Monday, February 14, 2005

Visit With My Son! :)

I saw my son yesterday -- first time in a few weeks. His little face lit up so brightly when he saw me...

My wife had agreed early last week to me going to LA to spend time with the boy. By midweek, when I called to work out the details, she was saying, "I don't know if I want you taking him anywhere." After that she didn't answer my calls -- so by Sunday it was clear she didn't want me to come and wasn't expecting me. So I got in the car and went to LA anyway, and called halfway to let her know I was on my way (no answer, no response). She finally returned my call when I left a message that I was at her apartment, ringing her bell. She let me in, so I got to spend the day with my son.

My sponsor was coaching me a lot before the trip, not to let my wife draw me in to a fight. Turn the other cheek. A Bible verse to the effect that if you approach someone with love then love will be returned to you. Responding to her that I can't undo the past, I can only go forward from where I am. Don't bring up my resentments and what I feel she's done to me. Focus on my son -- the reason I'm there is to be with him, not to get into tangles with my wife.

I think I handled it pretty well. For instance, when she accused me, for the umpteenth time, of "abandoning" our son after she moved him to LA (!?!), I said the most natural thing in the world for me is to throw a brick right back at her, but it won't accomplish anything, it won't resolve anything, it won't create any common ground to build on, and it will only cause harm to our son. Every ten or fifteen minutes, it seemed, all day, she was throwing a brick at me. With just a couple exceptions, I didn't take the bait. Once, for instance, I pointed out that she has put obstacles in my way to be with our son -- such as moving him to another city (I didn't even bring up her "facilitation" of the very visit we were enjoying). "I didn't put obstacles in your way, I got a job and had to move to LA." I thought, but didn't say, that just because she's comfortable with her justification for making the obstacle, it doesn't mean the obstacle doesn't exist. AAARGH!!

So, I was thinking angrily, resentfully and destructively, but I was speaking and behaving constructively and positively. They tell me in AA that's what you have to do in early recovery (and "early" is often years!). Over time, once you get used to breaking the alcoholic habits of speaking and behaving, you start actually thinking better, too.

In the end, my wife thanked me for coming -- and asked me to spend the night with them (me sleeping on the couch, of course)! This, after refusing to plan the trip in advance... after I was half expecting her to call the cops when I showed up... Insanity. I didn't stay the night, needless to say. I never know what she will do next. She suggested we look together for apartments close together, so I can be near our son. But I'd be a fool to believe that means she wouldn't up and move to another city again, and want to take our son with her.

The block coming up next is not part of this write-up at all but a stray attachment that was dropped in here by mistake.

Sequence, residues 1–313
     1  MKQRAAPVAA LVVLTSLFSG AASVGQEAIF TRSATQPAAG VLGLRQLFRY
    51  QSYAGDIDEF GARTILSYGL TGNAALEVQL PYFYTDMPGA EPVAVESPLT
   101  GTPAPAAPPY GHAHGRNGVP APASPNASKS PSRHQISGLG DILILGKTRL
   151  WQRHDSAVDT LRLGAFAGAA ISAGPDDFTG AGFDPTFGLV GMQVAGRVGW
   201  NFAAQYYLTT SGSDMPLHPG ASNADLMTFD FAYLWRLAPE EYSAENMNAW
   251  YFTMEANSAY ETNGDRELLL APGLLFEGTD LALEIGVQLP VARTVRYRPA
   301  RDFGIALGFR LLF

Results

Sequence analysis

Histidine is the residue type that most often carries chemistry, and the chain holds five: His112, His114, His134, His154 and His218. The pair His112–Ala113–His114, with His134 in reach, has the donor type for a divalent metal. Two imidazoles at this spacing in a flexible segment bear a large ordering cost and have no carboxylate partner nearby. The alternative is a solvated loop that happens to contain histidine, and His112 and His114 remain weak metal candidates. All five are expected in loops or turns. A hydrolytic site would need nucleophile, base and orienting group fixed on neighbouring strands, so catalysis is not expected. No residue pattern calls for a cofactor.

Well, I just have to cross each bridge as I come to it. One Day At a Time. First Things First. Keep It Simple. Let Go and Let God. And for once, I can look back on a day with a lot of tension and potential conflict, and feel that I didn't create new wreckage.

And it was SOOOOOO wonderful to be with my son!! :)

Sunday, February 06, 2005

Out of Control

It came to me in the shower this morning that I've completely lost control of my recovery and my program.

It then came to me that that's a good thing.


The last week or so I've found myself feeling a lot of hostility and resentment toward people in my AA meetings -- a few I know well, including my sponsor, some I know a bit from chatting before and after meetings, some I merely recognize and know from what they share in meetings. I've been pissed off at them all: smug, self-satisfied, arrogant, sneering, know-it-all hypocrites (it seemed to me), giving me unsolicited, monumentally bad advice. "Well, my kids are in prison, my wife has been gone for years, I have no friends outside of AA, but I haven't had a drink in 20 years so you should do what I tell you." Or, "I don't have a driver's license, I live in a halfway house, and my kids refuse to have anything to do with me, but my last relapse was over two years ago so I know just what you need to do with your life." "You're a newcomer, I'm not, therefore you're an idiot and I'm a genius." These are the things I've been hearing (leaving aside whether they were actually said).

And don't even get me started about my scheming, greedy, self-absorbed, cynical, manipulative, unforgiving, hypocritical, untrusting, untrustworthy wife...

In AA, we call this "taking someone else's inventory," a reference to Step 4. I've been doing this for days. I've been through a period like it before in recovery, and I recognize it as dangerous ground for an alcoholic, but I haven't been able to stop. Yesterday I sought out a couple meetings I hadn't been to before, just to get out of this routine with the same familiar guys, get some fresh perspective, hear some new stories. (I know that, no matter what, I have to stick with AA -- Principles Before Personalities -- so NOT going to meetings is a suicidal option for me.)